Bookbinding student Mitch Gundrum BB '21 is one who excels at learning how to make each component of something—in addition to his daily bookbinding and repair practice, he also makes paper and hand-shapes bookbinding tools. When NBSS program spaces closed in March, Mitch got got his hands dirty at home marbling and making paper, but also embraced research and academia. Explore more of his varied pursuits in this interview, part of our In the Making series.
The two-year, comprehensive Bookbinding program teaches students how to make, restore, and preserve books and other printed treasures.
During the first year, you’ll learn the history and development of this traditional craft, as well as develop a host of necessary skills. You'll make a variety of historical and modern binding structures, boxes, and other protective enclosures. The repair of cloth and paper bindings will supplement your understanding of the way books function and break down.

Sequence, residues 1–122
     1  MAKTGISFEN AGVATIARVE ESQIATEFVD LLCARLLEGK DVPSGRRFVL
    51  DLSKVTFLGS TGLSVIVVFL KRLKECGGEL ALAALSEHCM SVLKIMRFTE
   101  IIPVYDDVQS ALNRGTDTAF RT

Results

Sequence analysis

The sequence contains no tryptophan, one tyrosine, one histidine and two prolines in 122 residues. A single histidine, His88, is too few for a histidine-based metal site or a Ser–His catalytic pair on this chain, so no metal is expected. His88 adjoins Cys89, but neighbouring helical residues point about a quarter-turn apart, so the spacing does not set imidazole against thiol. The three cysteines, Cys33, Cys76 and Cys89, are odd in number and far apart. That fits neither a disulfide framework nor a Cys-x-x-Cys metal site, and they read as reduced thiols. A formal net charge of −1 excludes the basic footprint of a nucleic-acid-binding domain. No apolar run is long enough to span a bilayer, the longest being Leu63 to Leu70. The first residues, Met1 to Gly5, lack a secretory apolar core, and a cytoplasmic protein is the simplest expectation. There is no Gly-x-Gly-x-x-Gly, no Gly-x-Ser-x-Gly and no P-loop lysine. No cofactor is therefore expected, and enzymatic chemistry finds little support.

Toward the end of the first year and throughout the second year you will create and repair leather bindings. During your second year, you'll have the opportunity to choose additional projects that reflect your personal career goals in conservation, fine binding, or other areas of the field. Additional learning takes place outside of the classroom — through exhibits, conferences, and field trips to binderies, historic collections, private studios, and conservation labs.